80-Bus News


November–December 1984 · Volume 3 · Issue 6

Page 48 of 55

The cursor is then restored to its original screen place using ‘SETCUR’, the original contents of CURSOR are ‘POP’ed off the stack and then restored, and then the cursor is then turned on again, using the appropriate IVC command.

Finally, ‘HL’ is loaded with the address of STRING, or STRNG1 as appropriate, so that if the clock read module was called from an external program, that program would be able to find the address of the clock data for subsequent use.

This completes the code needed to modify SYS Version 16. I am using ‘SYS’ modified as described while typing this article in with GEMPEN, and the display is showing the Day name, full date, and time, updating every second. There is no noticeable effect on the clock display during typing, even if the repeat keyboard feature is used. During formatting of this text, which is about 28K long, however, the display stops for about a minute and a half. The ‘freezing’ of the clock display can be made use of, to time activities such as formatting, disk I/O and assembly.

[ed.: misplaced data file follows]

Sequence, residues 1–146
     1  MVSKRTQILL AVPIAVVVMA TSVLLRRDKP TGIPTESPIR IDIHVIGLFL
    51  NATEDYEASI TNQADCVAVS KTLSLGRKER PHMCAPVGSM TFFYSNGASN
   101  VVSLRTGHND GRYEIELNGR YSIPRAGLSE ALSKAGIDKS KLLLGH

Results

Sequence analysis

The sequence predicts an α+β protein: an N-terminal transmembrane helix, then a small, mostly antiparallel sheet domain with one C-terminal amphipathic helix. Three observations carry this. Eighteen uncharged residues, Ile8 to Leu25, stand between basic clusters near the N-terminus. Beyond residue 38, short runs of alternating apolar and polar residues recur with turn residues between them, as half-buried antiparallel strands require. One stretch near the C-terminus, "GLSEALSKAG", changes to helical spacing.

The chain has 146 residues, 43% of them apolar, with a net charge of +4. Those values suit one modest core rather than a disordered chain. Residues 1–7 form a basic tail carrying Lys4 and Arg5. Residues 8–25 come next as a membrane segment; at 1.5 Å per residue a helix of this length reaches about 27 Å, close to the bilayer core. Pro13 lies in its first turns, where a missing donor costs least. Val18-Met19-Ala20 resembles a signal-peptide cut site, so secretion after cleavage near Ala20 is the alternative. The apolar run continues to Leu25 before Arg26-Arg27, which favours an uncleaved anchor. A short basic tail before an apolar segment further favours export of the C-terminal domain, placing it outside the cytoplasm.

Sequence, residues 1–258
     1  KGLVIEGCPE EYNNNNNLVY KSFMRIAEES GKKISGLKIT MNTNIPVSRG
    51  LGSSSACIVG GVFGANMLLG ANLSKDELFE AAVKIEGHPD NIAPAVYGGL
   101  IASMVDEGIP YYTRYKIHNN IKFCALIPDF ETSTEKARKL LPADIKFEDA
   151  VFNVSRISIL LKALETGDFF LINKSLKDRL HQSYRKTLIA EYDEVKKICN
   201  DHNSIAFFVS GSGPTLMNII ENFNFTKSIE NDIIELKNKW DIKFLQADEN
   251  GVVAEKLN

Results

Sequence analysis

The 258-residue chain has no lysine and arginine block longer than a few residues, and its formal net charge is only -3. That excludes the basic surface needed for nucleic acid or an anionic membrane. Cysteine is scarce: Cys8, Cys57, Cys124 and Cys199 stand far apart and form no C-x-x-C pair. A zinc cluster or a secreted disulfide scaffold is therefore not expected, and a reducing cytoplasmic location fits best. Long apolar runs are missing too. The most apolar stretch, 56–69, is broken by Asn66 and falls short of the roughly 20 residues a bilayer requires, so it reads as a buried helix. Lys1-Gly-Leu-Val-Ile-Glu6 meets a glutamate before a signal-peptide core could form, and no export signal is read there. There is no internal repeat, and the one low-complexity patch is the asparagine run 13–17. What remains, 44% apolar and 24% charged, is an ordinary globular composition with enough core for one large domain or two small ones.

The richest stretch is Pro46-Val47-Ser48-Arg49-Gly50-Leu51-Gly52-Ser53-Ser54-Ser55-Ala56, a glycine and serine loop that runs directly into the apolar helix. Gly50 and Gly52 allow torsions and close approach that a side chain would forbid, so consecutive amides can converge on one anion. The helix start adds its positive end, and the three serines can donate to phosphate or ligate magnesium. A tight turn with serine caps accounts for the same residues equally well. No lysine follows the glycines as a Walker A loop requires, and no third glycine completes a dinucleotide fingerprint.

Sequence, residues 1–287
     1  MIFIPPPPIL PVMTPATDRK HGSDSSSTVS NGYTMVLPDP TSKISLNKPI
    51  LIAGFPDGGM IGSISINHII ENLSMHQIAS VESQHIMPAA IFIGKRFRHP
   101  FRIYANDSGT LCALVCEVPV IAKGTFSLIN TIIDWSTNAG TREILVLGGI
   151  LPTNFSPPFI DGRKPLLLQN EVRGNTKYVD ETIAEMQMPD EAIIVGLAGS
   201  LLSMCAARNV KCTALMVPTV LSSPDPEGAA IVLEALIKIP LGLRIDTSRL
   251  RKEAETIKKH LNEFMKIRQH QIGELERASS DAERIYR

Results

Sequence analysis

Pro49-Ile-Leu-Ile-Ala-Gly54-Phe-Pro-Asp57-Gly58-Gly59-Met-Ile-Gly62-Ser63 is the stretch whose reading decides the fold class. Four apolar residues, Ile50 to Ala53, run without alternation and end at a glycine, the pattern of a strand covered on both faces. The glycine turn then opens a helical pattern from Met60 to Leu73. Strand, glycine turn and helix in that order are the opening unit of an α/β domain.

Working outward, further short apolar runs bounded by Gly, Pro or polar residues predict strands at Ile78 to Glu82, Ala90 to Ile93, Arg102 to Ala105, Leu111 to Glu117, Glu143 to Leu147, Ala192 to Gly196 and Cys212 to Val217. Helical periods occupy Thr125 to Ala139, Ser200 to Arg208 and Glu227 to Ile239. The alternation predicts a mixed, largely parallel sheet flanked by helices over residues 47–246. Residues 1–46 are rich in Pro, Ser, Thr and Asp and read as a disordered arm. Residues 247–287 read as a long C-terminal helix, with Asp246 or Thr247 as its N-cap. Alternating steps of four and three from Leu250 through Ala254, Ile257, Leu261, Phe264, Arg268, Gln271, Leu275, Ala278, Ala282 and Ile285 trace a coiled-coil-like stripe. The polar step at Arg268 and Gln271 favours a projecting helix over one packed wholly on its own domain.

Appendix 1. Finding the Clock Routine through the added ‘JUMP’

Locations 0002 and 0003 in memory hold the ‘WARM BOOT’ address, which is 3 bytes into the BIOS. The ‘JP READIT’ instruction is 30 bytes further on, and the marker is another 3 bytes on. For example, on my machine, locations 0002 and 0003 hold 0EE03H, so the ‘clock jump’ is at 0EE33H, and the marker “RTC” starts at 0EE36H. The clock can therefore be accessed by a CALL 0EE33H instruction. The clock access can be performed in a better way as follows :–

Appendix 2. Patching in a Clock without Source Code.

This will not be very easy, especially for persons unused to getting into CP/M with Disassemblers and Debuggers. I think that one feasible approach is to carry out the following steps.

  1. Look at CP/M in memory with DDT/​ZSID/​GEMDEBUG to find the CBIOS start, and to see if there is any room at the ‘top’ of memory for extra code.
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